“In Absentia” explores and questions our ideas about photography through three discrete, standalone series. Each series leverages the photographic medium as a starting point, then spans over modernist tenets, blurring discursive boundaries with painting and conceptual practices in the process.
Memoria Abstractum removes clear depiction from the image, creating works upon which the viewer may (more) freely project their memories of time, of place, of people, of things. Deep and effusive colors that merge with one another also serve to promote a phenomenological reaction to the images more normally associated with abstract expressionist painting. 
Photography’s presumptive depictive power is often conflated with the perfect memory of an event, however even the most clearly taken photograph loses its power to invoke a perfect memory over time. What was the occasion? Why were they there? Who was there with them? Can two people look at the same photograph, argue each of these points and both be correct? 
Unseen Landscapes explores the vistas and hidden worlds behind the surfaces of everyday structures and found objects. By focusing beyond and behind the surface, the camera unlocks vistas and forms not visible to the naked eye; revealing and presenting these images into the physical world via large-format prints entices participation and interaction with these seemingly unseen planes of existence.
Benches takes an alternate path to abstraction, restoring  photography’s power to perfectly fix the view in front of the lens; however, clear depiction does not necessarily equate to clear meaning.   Individual images of  benches found inside and outside of fine art museums across the United States and England do not provide clear and absolute meaning within their individual frames. Even when viewed as a serial work, any meaning attributed to the individual portraits, or the series as a whole, is speculative, shifting and collapsing in on itself when the images are rearranged, changing the context of the work in the process despite the images themselves remaining resolutely fixed.​​​​​​​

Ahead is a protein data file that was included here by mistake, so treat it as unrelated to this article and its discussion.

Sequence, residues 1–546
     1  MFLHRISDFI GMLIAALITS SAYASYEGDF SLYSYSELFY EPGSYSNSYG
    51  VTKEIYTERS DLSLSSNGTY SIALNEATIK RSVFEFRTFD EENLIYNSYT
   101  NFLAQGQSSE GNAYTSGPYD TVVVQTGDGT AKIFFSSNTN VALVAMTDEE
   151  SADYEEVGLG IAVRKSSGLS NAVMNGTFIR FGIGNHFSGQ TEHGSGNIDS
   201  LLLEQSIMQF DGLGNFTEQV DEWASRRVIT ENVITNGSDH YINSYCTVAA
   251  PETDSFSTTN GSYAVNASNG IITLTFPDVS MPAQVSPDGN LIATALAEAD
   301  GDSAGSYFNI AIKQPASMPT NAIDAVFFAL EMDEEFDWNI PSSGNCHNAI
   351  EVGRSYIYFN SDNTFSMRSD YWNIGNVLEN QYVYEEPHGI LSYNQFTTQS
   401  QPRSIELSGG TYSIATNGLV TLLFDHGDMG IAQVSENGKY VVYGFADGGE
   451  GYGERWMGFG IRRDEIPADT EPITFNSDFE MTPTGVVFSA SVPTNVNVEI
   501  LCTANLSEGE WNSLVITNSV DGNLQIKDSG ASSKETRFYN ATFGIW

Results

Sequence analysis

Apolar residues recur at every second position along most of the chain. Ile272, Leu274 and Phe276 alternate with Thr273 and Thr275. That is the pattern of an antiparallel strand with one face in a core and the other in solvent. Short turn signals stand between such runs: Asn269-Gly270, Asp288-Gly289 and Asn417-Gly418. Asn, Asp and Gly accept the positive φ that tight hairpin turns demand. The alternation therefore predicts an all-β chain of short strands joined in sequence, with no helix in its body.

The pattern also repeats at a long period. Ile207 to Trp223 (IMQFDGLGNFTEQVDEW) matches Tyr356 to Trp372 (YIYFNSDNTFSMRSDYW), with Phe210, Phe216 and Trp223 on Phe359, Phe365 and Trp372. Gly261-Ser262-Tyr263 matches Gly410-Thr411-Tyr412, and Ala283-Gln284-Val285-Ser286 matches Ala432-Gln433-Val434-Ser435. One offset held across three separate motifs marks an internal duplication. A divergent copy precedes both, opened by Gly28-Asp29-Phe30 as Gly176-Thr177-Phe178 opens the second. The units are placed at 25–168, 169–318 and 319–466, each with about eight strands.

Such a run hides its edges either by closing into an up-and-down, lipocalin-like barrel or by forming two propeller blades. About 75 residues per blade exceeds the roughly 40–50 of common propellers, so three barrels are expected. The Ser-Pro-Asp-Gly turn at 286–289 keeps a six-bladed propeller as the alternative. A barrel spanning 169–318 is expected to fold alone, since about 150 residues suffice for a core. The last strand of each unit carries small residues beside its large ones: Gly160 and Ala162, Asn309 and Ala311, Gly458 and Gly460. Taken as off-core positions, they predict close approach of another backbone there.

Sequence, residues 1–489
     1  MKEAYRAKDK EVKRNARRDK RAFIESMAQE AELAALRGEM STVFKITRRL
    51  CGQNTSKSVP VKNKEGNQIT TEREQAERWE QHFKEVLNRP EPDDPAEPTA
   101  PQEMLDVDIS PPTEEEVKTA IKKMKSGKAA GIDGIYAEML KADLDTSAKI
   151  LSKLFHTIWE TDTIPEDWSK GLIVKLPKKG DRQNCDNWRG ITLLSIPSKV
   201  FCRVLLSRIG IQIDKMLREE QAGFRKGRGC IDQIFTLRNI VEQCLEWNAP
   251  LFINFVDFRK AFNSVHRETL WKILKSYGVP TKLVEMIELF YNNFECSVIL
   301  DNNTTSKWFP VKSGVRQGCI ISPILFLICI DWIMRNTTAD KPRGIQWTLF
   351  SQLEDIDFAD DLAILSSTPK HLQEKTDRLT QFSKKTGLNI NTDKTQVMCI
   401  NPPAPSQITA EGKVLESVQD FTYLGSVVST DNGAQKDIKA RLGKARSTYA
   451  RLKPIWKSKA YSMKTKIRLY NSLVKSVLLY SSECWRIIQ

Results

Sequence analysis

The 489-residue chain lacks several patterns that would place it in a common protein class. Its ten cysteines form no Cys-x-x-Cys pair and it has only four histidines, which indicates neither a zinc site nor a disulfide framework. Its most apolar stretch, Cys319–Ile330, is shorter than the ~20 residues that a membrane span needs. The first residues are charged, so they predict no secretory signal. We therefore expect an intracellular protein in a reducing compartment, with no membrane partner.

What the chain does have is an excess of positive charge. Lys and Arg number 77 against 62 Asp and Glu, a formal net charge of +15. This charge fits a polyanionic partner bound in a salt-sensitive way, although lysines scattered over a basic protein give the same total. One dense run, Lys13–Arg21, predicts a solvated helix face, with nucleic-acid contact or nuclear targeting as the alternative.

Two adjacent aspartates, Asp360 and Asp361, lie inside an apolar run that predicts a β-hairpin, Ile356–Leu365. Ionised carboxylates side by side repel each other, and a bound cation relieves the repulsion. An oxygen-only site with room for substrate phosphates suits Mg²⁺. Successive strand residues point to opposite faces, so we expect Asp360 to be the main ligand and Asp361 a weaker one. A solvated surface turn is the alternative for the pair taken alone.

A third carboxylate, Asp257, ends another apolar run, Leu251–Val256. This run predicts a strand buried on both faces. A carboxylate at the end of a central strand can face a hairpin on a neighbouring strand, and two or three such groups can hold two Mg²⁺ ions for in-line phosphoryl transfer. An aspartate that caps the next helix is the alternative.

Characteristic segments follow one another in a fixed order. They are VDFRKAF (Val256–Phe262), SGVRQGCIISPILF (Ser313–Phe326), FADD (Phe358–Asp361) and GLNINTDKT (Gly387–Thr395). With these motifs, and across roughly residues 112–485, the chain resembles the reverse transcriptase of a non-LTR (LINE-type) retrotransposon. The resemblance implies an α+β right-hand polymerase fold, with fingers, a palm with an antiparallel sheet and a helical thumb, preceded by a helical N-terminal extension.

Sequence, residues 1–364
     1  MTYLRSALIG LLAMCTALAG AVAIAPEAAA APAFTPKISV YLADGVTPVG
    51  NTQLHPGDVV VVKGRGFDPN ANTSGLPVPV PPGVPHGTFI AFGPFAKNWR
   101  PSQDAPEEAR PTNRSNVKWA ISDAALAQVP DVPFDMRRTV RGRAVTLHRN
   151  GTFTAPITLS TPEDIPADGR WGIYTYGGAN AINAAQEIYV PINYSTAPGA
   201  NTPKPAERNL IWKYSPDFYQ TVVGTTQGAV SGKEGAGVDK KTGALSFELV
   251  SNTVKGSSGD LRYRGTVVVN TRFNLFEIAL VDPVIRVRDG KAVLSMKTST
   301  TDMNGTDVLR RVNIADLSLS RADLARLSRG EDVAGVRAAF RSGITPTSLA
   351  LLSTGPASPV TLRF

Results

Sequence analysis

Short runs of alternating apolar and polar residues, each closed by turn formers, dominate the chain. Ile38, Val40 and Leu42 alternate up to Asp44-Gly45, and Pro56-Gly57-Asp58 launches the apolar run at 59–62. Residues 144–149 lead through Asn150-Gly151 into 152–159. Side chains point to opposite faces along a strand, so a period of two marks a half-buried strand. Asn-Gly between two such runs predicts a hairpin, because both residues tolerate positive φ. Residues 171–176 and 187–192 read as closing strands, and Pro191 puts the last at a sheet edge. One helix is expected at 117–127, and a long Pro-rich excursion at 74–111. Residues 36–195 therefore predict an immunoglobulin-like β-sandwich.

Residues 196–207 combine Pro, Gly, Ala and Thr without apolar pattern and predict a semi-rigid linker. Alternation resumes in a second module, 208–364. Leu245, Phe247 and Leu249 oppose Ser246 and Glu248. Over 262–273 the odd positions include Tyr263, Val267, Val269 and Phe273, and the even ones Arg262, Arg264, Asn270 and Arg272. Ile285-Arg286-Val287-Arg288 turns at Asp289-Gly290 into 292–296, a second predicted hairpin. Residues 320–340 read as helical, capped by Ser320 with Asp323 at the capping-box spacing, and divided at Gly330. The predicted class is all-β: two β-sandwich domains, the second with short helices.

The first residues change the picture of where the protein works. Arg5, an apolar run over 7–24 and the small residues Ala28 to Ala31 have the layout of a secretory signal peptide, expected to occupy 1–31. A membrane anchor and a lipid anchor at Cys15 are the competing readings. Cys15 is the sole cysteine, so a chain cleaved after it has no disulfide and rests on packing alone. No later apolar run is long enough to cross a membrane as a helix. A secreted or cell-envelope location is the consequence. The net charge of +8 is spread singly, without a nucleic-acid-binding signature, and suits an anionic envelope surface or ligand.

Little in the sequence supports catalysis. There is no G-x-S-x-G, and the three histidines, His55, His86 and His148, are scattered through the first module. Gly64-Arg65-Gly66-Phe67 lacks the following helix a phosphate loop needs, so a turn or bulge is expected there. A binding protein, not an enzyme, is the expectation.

About The Artist
A native Angeleno, Gareth Mackay has explored cities and landscapes across the United States and Europe for over three decades, working in both editorial and artistic capacities.  In an effort to better understand his chosen medium, and what drove him to focus on specific types of work, Gareth joined Cal State LA’s studio MFA program in Fall of 2021. As one of the only photographers in an interdisciplinary program steeped in painting and sculpture, Gareth learned to view photography as much from outside of the medium as from within it. This is reflected in his MFA Graduate Exhibition, "In Absentia", which explores and questions photography’s modernist boundaries.
At home in both urban and rural alleyways and canyons, Gareth’s images are derived from the world around him at any given point in time. Little of the work is premeditated or predetermined at the time of capture. Gareth revels in the creative freedom afforded by a liberal interpretation of the photographic medium, preferring to use and misuse the camera simply as a means to paint light onto the photographic plane. Many of his images are found days, weeks or months after the initial shutter click, producing  works that are highly depictive, abstract and ephemeral, and/or conceptual in nature.
While the majority of Gareth’s work is born in the digital realm, it is important that the resulting images return to the analog world in the form of physical and, quite often, large-scale, pigment-based prints. Further, he views the gallery frame as an extension of the photograph rather than its ending point or fixed border, striving to incorporate its construction into the final work whenever possible.

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